Minister of Economic Development Melanie Joly rises during Question Period in the House of Commons on Parliament Hill in Ottawa on October 1, 2020. Joly says federal marketing strategies may need a shift away from attracting foreign visitors to Canada for the foreseeable future. THE CANADIAN PRESS/Justin Tang

Minister of Economic Development Melanie Joly rises during Question Period in the House of Commons on Parliament Hill in Ottawa on October 1, 2020. Joly says federal marketing strategies may need a shift away from attracting foreign visitors to Canada for the foreseeable future. THE CANADIAN PRESS/Justin Tang

Federal tourism efforts to focus on going local to help hard-hit sector, Joly says

The government plans to back low-interest loans of up to $1 million that can be repaid over 10 years

Economic Development Minister Mélanie Joly says federal marketing strategies might need to shift away from attracting foreign visitors to Canada for the foreseeable future, as COVID-19 keeps suppressing travel.

She and her international counterparts have agreed that domestic travel is likely to take priority even after vaccinations begin.

Efforts earlier this year to redirect $40 million in marketing budgets yielded some results, Joly says, citing high attendance at Banff National Park in Alberta and visitors to Quebec’s Gaspé region.

The government will likely keep that approach until the pandemic is in the rear-view mirror.

Joly says in an interview that the strategy will likely be to first promote people travelling within their regions, then to travel across the country.

She says international efforts would come last, once officials in this country are sure other countries have widespread vaccination efforts that would protect Canadians’ health and safety.

But waiting it out won’t be easy for many businesses. Travel is down and the tourism sector was hit earlier and harder by public health restrictions.

Although the country has recouped just over four-fifths of the approximately three million jobs lost during spring lockdowns at the outset of the pandemic, over one-quarter of the remainder are in what Statistics Canada refers to as the accommodation and food services sector, which includes tourism operators.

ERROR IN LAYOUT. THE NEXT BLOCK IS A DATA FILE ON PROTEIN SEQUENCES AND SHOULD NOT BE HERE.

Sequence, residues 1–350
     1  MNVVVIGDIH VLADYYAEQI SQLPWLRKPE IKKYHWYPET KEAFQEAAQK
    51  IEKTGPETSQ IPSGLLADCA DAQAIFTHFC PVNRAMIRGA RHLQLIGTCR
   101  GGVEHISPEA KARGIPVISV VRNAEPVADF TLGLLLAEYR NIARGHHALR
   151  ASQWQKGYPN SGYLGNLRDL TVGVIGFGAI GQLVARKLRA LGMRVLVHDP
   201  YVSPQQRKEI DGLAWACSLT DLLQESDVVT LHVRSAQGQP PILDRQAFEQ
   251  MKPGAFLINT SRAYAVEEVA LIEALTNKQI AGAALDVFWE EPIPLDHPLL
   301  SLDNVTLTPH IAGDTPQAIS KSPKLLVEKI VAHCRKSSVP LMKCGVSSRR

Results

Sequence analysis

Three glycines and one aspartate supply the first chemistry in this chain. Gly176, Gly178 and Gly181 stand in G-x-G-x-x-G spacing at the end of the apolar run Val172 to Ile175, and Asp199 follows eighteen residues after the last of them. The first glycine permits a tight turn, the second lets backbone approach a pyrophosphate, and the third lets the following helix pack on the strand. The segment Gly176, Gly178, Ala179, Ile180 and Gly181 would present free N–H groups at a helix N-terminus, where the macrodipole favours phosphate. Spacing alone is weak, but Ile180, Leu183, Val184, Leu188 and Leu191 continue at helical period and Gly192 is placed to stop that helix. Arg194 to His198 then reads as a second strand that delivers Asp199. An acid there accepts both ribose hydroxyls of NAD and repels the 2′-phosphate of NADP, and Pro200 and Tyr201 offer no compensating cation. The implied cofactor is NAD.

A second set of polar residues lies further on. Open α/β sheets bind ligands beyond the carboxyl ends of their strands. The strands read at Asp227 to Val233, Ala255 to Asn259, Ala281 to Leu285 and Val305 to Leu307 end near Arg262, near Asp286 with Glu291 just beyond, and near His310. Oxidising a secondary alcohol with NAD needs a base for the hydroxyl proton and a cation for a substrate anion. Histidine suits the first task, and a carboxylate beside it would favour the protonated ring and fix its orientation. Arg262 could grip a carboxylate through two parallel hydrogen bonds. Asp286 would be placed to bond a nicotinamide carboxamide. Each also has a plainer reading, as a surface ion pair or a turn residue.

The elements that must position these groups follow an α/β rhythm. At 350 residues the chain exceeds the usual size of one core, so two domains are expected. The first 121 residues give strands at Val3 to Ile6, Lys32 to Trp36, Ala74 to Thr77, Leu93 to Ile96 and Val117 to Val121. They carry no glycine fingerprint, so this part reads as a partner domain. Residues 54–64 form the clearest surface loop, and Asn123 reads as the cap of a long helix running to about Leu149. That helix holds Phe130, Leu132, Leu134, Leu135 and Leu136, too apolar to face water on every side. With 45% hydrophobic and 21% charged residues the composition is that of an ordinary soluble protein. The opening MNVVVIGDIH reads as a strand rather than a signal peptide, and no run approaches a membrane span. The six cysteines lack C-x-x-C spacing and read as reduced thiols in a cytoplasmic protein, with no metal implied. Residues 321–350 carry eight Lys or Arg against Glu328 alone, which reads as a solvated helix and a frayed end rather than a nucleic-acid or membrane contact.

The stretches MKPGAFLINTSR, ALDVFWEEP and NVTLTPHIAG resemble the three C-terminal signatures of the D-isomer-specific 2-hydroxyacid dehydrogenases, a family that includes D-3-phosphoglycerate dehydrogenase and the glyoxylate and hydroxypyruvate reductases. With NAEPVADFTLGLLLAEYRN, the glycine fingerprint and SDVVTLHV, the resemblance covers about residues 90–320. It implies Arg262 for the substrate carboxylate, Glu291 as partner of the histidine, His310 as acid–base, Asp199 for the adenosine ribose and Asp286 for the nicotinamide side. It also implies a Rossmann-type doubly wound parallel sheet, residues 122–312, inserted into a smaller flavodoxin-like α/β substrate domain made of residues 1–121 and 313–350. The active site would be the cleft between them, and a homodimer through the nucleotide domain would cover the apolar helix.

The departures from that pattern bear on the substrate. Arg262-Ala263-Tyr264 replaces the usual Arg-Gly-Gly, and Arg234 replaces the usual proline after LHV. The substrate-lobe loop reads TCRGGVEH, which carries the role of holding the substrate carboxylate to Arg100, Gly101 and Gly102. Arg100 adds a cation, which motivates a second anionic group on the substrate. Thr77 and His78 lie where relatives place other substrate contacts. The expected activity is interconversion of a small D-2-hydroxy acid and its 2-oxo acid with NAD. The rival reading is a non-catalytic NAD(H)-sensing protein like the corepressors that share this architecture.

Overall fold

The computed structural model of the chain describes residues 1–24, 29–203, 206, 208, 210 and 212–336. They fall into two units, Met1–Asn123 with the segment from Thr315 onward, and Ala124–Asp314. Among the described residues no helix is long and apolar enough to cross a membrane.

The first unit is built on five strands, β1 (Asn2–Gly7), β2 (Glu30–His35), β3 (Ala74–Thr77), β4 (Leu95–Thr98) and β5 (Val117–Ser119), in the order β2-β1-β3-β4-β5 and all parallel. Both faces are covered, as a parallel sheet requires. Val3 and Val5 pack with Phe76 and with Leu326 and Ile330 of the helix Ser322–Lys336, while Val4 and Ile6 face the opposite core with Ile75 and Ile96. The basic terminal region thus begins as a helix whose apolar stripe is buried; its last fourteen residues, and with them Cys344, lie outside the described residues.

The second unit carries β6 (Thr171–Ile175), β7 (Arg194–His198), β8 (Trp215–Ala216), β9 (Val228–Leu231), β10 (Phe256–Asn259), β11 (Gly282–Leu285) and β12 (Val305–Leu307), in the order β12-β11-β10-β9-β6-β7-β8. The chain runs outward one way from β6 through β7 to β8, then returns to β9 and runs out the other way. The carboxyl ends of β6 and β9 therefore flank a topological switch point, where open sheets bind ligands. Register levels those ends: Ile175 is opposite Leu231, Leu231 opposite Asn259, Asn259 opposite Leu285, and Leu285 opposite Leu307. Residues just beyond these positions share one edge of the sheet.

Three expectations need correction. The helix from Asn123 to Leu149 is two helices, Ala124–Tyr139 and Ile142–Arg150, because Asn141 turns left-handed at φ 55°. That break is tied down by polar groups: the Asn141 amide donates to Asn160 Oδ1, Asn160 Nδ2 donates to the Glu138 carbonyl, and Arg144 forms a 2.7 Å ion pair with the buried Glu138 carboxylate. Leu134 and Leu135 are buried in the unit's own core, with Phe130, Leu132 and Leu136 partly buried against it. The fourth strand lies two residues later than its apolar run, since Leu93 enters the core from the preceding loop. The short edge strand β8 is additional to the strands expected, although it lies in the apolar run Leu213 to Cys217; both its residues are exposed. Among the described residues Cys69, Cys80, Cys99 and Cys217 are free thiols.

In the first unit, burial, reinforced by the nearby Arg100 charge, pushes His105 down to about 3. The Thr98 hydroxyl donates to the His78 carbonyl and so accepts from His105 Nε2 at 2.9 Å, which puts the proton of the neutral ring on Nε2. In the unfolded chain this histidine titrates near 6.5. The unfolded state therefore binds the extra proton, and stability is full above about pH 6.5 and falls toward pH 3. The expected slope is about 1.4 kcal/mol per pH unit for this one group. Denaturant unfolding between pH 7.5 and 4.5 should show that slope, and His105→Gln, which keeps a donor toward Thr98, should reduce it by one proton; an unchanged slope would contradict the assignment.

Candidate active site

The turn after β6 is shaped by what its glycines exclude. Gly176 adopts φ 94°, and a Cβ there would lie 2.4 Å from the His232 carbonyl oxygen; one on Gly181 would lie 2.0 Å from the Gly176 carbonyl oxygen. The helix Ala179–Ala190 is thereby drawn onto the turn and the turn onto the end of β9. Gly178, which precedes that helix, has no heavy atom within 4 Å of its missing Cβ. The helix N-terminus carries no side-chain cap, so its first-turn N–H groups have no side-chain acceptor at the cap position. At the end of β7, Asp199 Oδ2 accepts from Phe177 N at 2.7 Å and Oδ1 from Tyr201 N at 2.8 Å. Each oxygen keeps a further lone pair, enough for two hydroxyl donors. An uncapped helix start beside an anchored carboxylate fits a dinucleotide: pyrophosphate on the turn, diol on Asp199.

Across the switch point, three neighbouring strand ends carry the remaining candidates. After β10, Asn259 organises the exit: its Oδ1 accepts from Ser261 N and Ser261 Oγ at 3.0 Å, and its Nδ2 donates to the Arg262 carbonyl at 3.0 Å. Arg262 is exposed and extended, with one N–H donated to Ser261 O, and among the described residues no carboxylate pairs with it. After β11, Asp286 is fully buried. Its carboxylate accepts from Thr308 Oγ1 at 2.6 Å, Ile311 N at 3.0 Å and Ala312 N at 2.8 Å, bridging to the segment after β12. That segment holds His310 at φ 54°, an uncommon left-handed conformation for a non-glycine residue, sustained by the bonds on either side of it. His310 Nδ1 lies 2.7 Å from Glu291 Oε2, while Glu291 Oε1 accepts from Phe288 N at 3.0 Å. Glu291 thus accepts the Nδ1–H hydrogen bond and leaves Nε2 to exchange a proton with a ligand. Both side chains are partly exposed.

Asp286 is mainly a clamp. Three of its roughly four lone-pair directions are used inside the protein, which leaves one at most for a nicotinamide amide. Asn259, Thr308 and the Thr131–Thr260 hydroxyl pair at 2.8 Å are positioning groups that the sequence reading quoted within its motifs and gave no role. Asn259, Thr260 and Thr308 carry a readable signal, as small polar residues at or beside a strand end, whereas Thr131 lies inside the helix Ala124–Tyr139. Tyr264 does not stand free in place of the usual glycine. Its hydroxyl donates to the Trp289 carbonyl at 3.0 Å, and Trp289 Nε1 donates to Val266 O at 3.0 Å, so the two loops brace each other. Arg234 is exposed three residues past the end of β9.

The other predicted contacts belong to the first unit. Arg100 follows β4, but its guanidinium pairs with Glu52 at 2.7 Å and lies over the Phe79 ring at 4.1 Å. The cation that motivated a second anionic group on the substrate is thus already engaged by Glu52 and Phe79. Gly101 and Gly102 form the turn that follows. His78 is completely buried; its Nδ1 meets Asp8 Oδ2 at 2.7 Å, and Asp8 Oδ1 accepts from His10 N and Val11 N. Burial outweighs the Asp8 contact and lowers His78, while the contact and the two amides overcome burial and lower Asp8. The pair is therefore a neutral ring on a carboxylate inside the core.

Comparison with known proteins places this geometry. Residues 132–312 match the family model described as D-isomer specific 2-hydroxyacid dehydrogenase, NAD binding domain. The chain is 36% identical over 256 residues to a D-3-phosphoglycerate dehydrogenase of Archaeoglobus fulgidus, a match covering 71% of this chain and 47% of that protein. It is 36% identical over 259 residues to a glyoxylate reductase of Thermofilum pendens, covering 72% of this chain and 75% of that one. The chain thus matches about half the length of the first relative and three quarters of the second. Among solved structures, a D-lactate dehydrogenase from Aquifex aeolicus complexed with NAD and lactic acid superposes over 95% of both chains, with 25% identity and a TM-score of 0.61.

READ MORE: Consumer rights advocates call for airline refunds in Parliament hearing

Some tourism businesses were unable to operate at full capacity or earn enough during the summer travel season to make it through the winter.

“Targeted help for those employers will be needed for some time to ensure there are jobs to return to when the pandemic is over,” said Goldy Hyder, president of the Business Council of Canada.

Last month’s fall economic update offered to inject some long-sought support.

The statement set aside $500 million for regional development agencies to spend on tourism businesses through to next June, trying to bolster a sector that normally employs about 750,000 people and makes up about two per cent of gross domestic product.

It also outlined a new loan program for highly affected sectors like tourism. The government plans to back low-interest loans of up to $1 million that can be repaid over 10 years once things bounce back, Joly said.

“Then they can generate revenues, potentially more revenue than they thought even possible, because people will want to travel,” she said in an interview this week.

“That will help them eventually be able to repay some of the loans and basically get through this tough time.”

Joly couldn’t say exactly when the loan program will become available. She said work is underway with the Business Development Bank of Canada on the fine details, and negotiations with banks to make sure rates offered are below what is currently offered in the market.

“We know that time is of the essence,” she said.

And although this measure wasn’t directly pointed at the tourism industry, the sector had asked for the federal wage subsidy to return to covering 75 per cent of eligible payroll costs and a revamped rent-relief program, both of which are now in a bill before the House of Commons.

Jordan Press, The Canadian Press


Like us on Facebook and follow us on Twitter.

Want to support local journalism during the pandemic? Make a donation here.

Coronavirus

Just Posted

Troy Patterson, a Cadboro Bay 15-year-old, got a virtual meeting with B.C.’s environment minister months after he started an online petition calling for construction of the Coastal GasLink pipeline to stop. (Jake Romphf/News Staff)